The people, experiences and emotions involved in a bicycle’s search for new purpose are eloquently told in “The Bicycle“, a short film by Chris McCoy & Adam Neustadter.
I was 8 years old, my sister was 5, when Santa Claus surprised us with two shiny and new bikes under the Christmas tree. Our first ride! It was exciting for the entire family. Mother and Dad took us both out early the next day and taught us how to ride. I remember being a little nervous about getting on a big bike, but it didn’t take me long to get the hang of it, and then I wanted to go fast and ride forever. What a thrill to ride all day long —cruising the hood in search of solo adventures, going to the library to hang out, testing my racing skills against any challenger (bikers, dogs & cars), visiting neighbors, and finding new friends. Many years later, my mother revealed the bikes were not exactly “new”. Dad had found rusty old, beat up bicycles, and spent weekends repairing and restoring them in my grandparent’s home cellar. That, of course, made a special gift and cherished ‘first bike’ memories even more dear.
“As a kid I had a dream – I wanted to own my own bicycle. When I got the bike, I must have been the happiest boy in Liverpool, maybe the world. I lived for that bike.” —- John Lennon
[su_dropcap]A[/su_dropcap] kid with a bicycle is empowered with the ability to travel and explore, building confidence and independence, and learning valuable lessons and lifelong skills with each ride. However, many children are not able to enjoy the benefits of bike riding as there are obstacles, financial as well as safety issues that have resulted in a shocking decline in the number of children who ride bikes or walk to school in the US (48% in 1969 to 13% in 2009). Addressing these problems are community and global organizations dedicated to making bicycles accessible to every child and creating bike-friendly cities and neighborhoods, offering ‘build & earn a bike’ programs, bicycle give-aways, mechanic, repair and safety classes, group touring and activities as well as citizen advocacy projects for walk & bike safe streets. You can participate in efforts to get kids on bikes by donating time, money and/or used bikes. Sometimes it’s the smallest thing that can make a big difference in the world.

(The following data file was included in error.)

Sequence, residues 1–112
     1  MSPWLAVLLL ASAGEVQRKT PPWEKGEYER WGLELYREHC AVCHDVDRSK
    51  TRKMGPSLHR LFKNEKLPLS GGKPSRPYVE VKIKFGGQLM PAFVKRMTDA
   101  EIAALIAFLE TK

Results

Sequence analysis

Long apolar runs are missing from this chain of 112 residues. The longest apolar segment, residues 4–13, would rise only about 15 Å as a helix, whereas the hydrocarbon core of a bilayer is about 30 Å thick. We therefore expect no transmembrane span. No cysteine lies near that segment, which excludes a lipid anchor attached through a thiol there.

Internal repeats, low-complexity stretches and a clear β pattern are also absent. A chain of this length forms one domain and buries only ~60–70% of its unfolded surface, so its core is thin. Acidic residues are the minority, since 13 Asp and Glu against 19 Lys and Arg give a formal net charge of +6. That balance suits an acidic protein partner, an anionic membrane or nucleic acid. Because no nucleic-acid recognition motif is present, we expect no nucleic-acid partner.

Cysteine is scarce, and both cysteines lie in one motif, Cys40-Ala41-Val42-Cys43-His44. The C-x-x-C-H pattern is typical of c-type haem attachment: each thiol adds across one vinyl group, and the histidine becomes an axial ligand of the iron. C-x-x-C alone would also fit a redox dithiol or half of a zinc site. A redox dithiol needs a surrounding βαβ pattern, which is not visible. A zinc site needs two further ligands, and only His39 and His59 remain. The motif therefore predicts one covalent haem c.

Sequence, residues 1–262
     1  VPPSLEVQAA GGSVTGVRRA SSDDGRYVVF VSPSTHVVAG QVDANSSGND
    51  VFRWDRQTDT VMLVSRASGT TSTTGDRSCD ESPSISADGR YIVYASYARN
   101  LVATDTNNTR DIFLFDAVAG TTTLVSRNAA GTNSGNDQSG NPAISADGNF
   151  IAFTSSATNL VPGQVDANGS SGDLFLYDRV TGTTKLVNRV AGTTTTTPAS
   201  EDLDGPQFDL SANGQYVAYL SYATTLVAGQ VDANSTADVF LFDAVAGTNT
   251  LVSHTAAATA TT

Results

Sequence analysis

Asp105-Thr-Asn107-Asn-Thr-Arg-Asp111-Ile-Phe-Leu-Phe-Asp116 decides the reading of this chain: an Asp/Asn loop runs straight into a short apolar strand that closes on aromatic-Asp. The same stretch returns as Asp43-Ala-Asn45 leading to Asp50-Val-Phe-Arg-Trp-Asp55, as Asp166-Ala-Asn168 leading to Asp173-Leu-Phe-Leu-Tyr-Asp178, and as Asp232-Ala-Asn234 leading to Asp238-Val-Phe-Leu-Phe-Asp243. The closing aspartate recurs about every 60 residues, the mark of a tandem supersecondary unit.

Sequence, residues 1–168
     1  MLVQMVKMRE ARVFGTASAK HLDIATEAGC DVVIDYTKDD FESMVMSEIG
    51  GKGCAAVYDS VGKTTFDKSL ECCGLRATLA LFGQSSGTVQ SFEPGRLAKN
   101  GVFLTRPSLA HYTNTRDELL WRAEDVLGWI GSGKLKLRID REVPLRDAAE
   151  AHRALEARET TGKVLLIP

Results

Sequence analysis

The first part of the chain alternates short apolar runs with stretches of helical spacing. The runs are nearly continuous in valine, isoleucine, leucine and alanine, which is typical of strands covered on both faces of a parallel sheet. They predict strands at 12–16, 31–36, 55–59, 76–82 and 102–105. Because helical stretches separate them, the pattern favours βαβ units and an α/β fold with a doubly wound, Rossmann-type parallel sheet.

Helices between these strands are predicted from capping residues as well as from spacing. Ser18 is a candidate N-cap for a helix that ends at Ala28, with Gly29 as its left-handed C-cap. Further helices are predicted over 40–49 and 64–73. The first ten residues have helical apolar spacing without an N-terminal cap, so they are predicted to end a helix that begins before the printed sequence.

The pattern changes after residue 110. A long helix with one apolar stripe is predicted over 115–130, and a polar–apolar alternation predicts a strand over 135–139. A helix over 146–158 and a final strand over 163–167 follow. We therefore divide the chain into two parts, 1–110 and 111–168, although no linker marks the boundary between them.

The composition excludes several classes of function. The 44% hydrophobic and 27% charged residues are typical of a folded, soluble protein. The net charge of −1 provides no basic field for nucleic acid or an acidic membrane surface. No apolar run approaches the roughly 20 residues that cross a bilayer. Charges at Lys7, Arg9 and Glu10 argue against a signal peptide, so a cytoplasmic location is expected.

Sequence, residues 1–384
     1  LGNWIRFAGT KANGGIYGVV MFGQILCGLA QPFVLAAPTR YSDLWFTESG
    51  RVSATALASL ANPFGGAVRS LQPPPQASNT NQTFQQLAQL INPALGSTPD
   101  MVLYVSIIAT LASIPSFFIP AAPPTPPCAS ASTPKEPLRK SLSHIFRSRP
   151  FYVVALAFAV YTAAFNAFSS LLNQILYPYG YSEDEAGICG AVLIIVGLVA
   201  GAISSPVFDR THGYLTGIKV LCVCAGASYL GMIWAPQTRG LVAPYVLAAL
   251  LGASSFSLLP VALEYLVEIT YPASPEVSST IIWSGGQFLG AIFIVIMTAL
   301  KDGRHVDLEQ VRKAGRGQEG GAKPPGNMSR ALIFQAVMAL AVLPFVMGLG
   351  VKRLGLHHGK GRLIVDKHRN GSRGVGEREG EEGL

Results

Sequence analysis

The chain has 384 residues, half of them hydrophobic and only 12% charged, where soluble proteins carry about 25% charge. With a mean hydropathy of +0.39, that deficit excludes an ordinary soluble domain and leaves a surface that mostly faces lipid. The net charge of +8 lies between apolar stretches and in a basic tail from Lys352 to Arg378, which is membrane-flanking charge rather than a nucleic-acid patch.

Here’s a short list of community & global bikes for kids programs and information on bike safety:
Austin Yellow Bike Project in Austin, TX
The Oasis Bike Workshop in Nashville, TN
Free Bikes for Kids (Minnesota, Utah, Georgia)
Safe Kids Worldwide (bike safety tips)
League of American Bicyclists – A non-profit organization that works to create safer roads, stronger communities, and a bicycle-friendly America through information, advocacy and promotion. Established National Bike Month in 1956 to showcase the benefits of biking and “encourage more folks to give biking a try”. [May is National Bike Month, May 14-18 is National Bike To Work Week, and May 18 is Bike To Work Day]
Smart Cycling – safety guide, tips and videos, League of American Bicyclists
I was 3 years old and life was becoming a drag, then my grandfather came to my rescue and built me a Tree Swing.
⇒ Join the conversation. Donna and Marie (@gabby) shared their ‘first bike’ memories with us on Zeester Media’s FB page. Please share your story with On2In2™ and any information that can help get more kids on bikes. To post a comment on this article or any other website page or post, you’ve got to first be logged-in (look for “Log In/Log Out” at top-right of this page). Not registered? We’d love to hear from you. It’s pretty quick & easy and free to register, just click/tap ⇒ here.
Feature photo of “My first bike, first ride” is courtesy of Zeester Media LLC, CC BY-NC-ND
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